Although gummy bears were invented by German Candy maker Hans Reigel in 1922, the gummy worm is a relatively recent concept. The Gummy bear wasn’t shipped to America until around 1981 and then an American candy company extended the idea to gummy worms to give kids something fun to eat and to shock their parents. Gummy worms are one of the most popular gummy candies around. Use these games with gummy worms as an object lesson to talk about Jesus’ call to his disciples to become fishers of men.
What You Need
Lots of Gummy Worms
Games using Gummy Worms
NOTE: The intention is for these games to be played with gummy worms, but if you can’t get gummy worms, you can use extra long Twizzlers, or string licorice.
- Chicken Races – In this crazy youth game, everyone is a chicken. Place gummy worms in a shallow baking pan with crushed oreos piled on top and place it at the opposite end of the room. You can use one pan for each team or have them all fight over the worms in a single pan. On “go”, the first team member from each team must flap their arms like wings and make clucking sounds while running to the pan to collect a worm using their mouth (beaks) only. No hands allowed. Once they retrieve a worm they can return to the team and the next youth repeats the task. Worms must still be whole to be counted. First team to have everyone retrieve a worm wins. Variation: Instead of oreo cookies, use chocolate pudding sprinkled with oreo cookies.
- Chicken Feed – This is similar to the chicken race, but have a deeper pan with more chocolate pudding and oreos. Each team chooses one representative. The youth who retrieves the most worms from the pan in a designated time wins.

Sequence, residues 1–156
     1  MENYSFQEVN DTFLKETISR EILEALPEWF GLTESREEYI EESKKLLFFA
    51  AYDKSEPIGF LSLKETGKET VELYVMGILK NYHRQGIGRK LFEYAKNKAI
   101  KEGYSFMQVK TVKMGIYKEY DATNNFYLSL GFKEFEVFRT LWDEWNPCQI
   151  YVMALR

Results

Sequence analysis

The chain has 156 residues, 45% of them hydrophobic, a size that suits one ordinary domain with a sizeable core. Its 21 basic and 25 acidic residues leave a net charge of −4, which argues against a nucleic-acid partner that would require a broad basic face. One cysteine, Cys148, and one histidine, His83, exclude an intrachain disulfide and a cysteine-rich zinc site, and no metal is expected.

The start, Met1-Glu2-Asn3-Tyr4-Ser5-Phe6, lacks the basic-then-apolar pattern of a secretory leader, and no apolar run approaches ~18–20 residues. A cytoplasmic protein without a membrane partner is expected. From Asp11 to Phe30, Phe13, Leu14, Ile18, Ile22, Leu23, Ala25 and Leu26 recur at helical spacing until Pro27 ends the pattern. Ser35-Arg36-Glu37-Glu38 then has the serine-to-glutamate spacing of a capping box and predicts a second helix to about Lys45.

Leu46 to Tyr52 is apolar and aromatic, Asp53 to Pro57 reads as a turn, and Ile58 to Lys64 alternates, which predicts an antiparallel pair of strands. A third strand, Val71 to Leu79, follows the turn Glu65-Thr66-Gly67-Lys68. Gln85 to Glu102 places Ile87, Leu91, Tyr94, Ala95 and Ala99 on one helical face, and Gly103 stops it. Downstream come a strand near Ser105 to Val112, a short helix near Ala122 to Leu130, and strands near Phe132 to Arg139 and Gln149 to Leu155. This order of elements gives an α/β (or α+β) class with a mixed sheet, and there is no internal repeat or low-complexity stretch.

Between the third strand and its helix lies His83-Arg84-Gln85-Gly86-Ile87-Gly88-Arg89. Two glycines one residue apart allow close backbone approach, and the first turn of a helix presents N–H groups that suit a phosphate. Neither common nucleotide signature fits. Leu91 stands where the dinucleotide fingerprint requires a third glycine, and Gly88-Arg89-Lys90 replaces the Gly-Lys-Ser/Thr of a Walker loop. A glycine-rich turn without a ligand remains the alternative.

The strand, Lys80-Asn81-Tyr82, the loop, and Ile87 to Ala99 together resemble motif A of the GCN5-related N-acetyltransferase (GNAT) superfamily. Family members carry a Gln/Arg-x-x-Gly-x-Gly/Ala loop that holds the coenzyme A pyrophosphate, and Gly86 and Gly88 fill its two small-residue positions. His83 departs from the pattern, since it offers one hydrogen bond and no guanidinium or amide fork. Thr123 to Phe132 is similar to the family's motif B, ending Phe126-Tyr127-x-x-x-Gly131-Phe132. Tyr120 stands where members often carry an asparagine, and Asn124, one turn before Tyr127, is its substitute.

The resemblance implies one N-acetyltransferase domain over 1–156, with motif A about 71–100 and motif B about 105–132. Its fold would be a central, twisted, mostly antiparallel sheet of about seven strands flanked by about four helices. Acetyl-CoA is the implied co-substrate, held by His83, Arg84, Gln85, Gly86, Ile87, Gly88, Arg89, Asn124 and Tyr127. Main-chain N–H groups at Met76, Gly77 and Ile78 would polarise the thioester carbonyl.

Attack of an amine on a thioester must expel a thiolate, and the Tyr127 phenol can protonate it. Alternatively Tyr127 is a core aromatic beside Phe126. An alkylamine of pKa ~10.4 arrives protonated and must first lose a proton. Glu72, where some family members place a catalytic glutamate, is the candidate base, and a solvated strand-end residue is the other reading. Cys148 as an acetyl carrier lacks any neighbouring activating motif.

- Worm Fishing – To play this game you fill a fishbowl with pretzels or goldfish crackers, and the youth use a fishing rod to get one out and eat it. The bait is gummy worms that are nice and sticky. If you don’t have a real fishing rod, use a stick and some string. You could even add a reel if you wanted to. If you don’t have a fishbowl handy, any clear, large bowl will do the trick. Use lukewarm water to wet down a gummy worm and then pat it dry so that it’s nice and sticky. Tie the worm to the end of the string on the fishing rod. Players have one minute to use the wishing rod to “hook” a pretzel/goldfish from the fishbowl by getting it to stick to the ooey-gooey gummy worm. No hands allowed. Then, once one is “caught,” it must be brought back to the player’s mouth and she must eat it before the timer runs out in order to win the game. To make it more difficult, increase the distance to the fishbowl. If a pretzel/goldfish falls off the gummy worm it must be abandoned and another one “caught” on the gummy worm. If a player touches the string or gummy worm while a pretzel is attached, that pretzel won’t count. String may not be wound around the finger during an attempt. The player(s) with the most pretzels at the end of the 60-seconds wins.
- Worms between your toes – Fill 5 or 10 gallon buckets (or kiddie pools) about 1/4 of the way up with water and drop at least 20 gummy worms in each one. Everyone takes off their socks & shoes. The first person in line for each team will run to bucket and dip their foot in the water, pulling out a worm with their toes. They must then transfer the worm into a bowl located beside the bucket. Teams only get a point for worms dropped into the bowl. Whoever has the most worms at the end of a designated time limit wins! (If you•re indoors, have some towels on hand for participants to dry their feet. You may also want to lay tarps down to minimize the mess.) Variation: Instead of a bowl, guys lie down with their heads beside buckets. The girls feed them to the guys using only their feet. The girl and guy team who can eat the most gummy bears in 2 minutes wins.